On April 26, FinCEN announced the departure of Director Calvery. Commenting on Calvery’s accomplishments during her tenure as Director, the agency opined that, “[u]nder Ms. Calvery’s direction, [it] has enhanced its reputation within the U.S. government, throughout the U.S. financial sector, and with international financial partners as a key resource in the fight against terrorist finance, money laundering, and transnational organized crime.” As Director of FinCEN since September 2012, Calvery’s team has addressed topics such as virtual currency, money laundering via real estate purchases, and terrorist financing. Calvery will be departing FinCEN at the end of May 2016.
On April 27, the OCC issued Bulletin 2016-13 to remind banks of their obligations pertaining to the maintenance of records, records retention, and examiner access to records. According to the bulletin, communications technology recently made available to banks could “prevent or impede OCC access to bank records through certain data deletion or encryption features.” The OCC’s bulletin reminds banks that (i) pursuant to 12 U.S.C. § 481 and 12 U.S.C. § 1464(d)(1)(B)(ii), the OCC has full and unimpeded access to a bank’s books and records; and (ii) communications technology should not be used to limit an examiner’s access to bank records. The bulletin further cautions that, while some chat and messaging platforms claim the ability to permanently delete internal communication, the OCC believes that the “permanent deletion of internal communications, especially if occurring within a relatively short time frame, conflicts with OCC expectations of sound governance, compliance, and risk management practices as well as safety and soundness principles.”
On April 21, OFAC updated its list of frequently asked questions related to Cuba. The updated document includes eight new FAQs clarifying (i) that Section 515.584(d) of the Cuban Assets Control Regulations (CACR) permits authorized U-turn transactions to originate or terminate at foreign branches and subsidiaries of U.S. banking institutions; (ii) due diligence expectations for banks processing an authorized U-turn transaction from a sanctions compliance perspective; (iii) that the importation into the United States of goods previously exported to Cuba for servicing requires a specific license; (iv) requirements regarding the export and reexportation of mixed-origin goods to Cuba; (v) that persons subject to U.S. jurisdiction may provide insurance-related services to persons subject to U.S. jurisdiction and engaging in authorized activity in Cuba; (vi) OFAC license requirements for insurance-related services; (vii) that educational grants, scholarships, or awards may be given to a Cuban state-owned entity; and (viii) the circumstances under which a person subject to U.S. jurisdiction is authorized to purchase or lease real property in Cuba.
On April 26, the FDIC voted to approve a final rule that amends how small banks – those with less than $10 billion in total assets – are assessed for deposit insurance. The rule will (i) revise the financial ratios method, basing it on a statistical model that estimates the probability of failure over three years; (ii) update the financial measures used in the financial ratios method to ensure consistency with the statistical model; and (iii) eliminate risk categories for established small banks and use the financial ratios method to determine assessment rates for the small banks. According to FDIC Chairman Martin J. Gruenberg, the final rule will “allow future assessments to better differentiate riskier banks from safer banks . . . . [and] will better allocate the costs of maintaining a strong Deposit Insurance Fund.” The FDIC first published a proposed rule regarding the deposit insurance assessment of small banks in June 2015, and issued a revised proposal in January 2016. Intended to be revenue neutral, the final rule is effective July 1, 2016 with the following caveat: “[i]f the reserve ratio reaches 1.15 percent before that date, the assessment system described in the final rule will become operative July 1, 2016. If the reserve ratio has not reached 1.15 percent by that date, the assessment system described in the final rule will become operative the first day of the calendar quarter after the reserve ratio reaches 1.15 percent.”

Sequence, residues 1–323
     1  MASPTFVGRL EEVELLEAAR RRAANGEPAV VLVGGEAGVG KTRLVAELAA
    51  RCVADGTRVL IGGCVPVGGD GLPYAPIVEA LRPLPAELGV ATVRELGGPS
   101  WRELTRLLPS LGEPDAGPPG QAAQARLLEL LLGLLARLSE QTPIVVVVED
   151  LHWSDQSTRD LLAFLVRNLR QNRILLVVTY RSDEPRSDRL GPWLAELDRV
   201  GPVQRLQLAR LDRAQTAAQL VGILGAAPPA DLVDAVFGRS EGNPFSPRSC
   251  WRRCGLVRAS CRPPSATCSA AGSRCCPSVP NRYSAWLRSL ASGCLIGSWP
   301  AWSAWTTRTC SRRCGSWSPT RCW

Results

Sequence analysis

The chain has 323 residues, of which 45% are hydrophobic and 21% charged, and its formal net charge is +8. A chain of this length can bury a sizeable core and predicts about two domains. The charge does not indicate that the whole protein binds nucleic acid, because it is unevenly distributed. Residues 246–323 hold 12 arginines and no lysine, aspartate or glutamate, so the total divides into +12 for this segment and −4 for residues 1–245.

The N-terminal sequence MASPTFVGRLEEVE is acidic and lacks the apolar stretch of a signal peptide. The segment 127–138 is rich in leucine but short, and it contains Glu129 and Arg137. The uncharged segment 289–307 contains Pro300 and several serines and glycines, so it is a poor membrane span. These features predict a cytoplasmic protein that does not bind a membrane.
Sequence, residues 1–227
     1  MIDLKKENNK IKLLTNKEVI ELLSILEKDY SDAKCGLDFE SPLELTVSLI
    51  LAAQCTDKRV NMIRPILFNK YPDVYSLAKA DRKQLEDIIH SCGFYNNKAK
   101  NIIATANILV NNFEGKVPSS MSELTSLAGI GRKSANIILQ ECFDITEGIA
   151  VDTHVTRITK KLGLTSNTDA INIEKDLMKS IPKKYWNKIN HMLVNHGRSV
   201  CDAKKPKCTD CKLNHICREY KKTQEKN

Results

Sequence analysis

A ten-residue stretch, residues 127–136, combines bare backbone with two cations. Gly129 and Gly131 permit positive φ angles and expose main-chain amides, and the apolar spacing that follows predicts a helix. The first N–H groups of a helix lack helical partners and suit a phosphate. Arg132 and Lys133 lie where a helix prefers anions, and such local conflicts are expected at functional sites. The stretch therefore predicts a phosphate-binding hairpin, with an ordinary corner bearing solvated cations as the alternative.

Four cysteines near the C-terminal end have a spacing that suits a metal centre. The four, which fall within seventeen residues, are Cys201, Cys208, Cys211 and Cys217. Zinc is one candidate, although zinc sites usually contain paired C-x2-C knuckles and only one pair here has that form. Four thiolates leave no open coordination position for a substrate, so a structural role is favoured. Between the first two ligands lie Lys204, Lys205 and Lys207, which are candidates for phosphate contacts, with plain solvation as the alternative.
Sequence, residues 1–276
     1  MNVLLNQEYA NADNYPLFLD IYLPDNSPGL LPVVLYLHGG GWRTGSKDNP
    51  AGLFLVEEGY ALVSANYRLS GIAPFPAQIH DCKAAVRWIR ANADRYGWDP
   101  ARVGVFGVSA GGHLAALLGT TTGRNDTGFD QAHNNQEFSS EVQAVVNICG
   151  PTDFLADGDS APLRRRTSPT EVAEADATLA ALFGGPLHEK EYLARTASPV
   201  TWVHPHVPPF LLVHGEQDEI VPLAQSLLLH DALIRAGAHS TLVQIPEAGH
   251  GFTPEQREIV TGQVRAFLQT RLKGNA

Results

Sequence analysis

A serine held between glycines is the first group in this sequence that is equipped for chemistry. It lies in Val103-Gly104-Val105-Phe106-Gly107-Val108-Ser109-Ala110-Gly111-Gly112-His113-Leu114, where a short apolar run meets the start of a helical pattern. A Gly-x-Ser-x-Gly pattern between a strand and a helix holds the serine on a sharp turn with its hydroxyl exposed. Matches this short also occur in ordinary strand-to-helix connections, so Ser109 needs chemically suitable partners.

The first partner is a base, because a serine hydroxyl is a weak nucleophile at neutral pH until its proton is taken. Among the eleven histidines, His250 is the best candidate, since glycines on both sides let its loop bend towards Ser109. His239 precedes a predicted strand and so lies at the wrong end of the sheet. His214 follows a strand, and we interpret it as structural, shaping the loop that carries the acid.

Last week, the NYDFS appointed Scott Fischer Executive Deputy Superintendent for Insurance and Laura E. Evangelista Deputy Superintendent for Insurance. Fischer joins the NYDFS from the New York Liquidation Bureau where he served as Special Deputy Superintendent. Previously, Fischer worked at the European Bank for Reconstruction and Development in London, served as Senior Counsel in the Office of General Counsel at the New York Insurance Department, and as Assistant AG at the New York State Attorney General’s Office. Evangelista most recently served as Vice President and Assistant General Counsel at an international insurance brokerage firm; previously, she was a commercial litigator in private practice.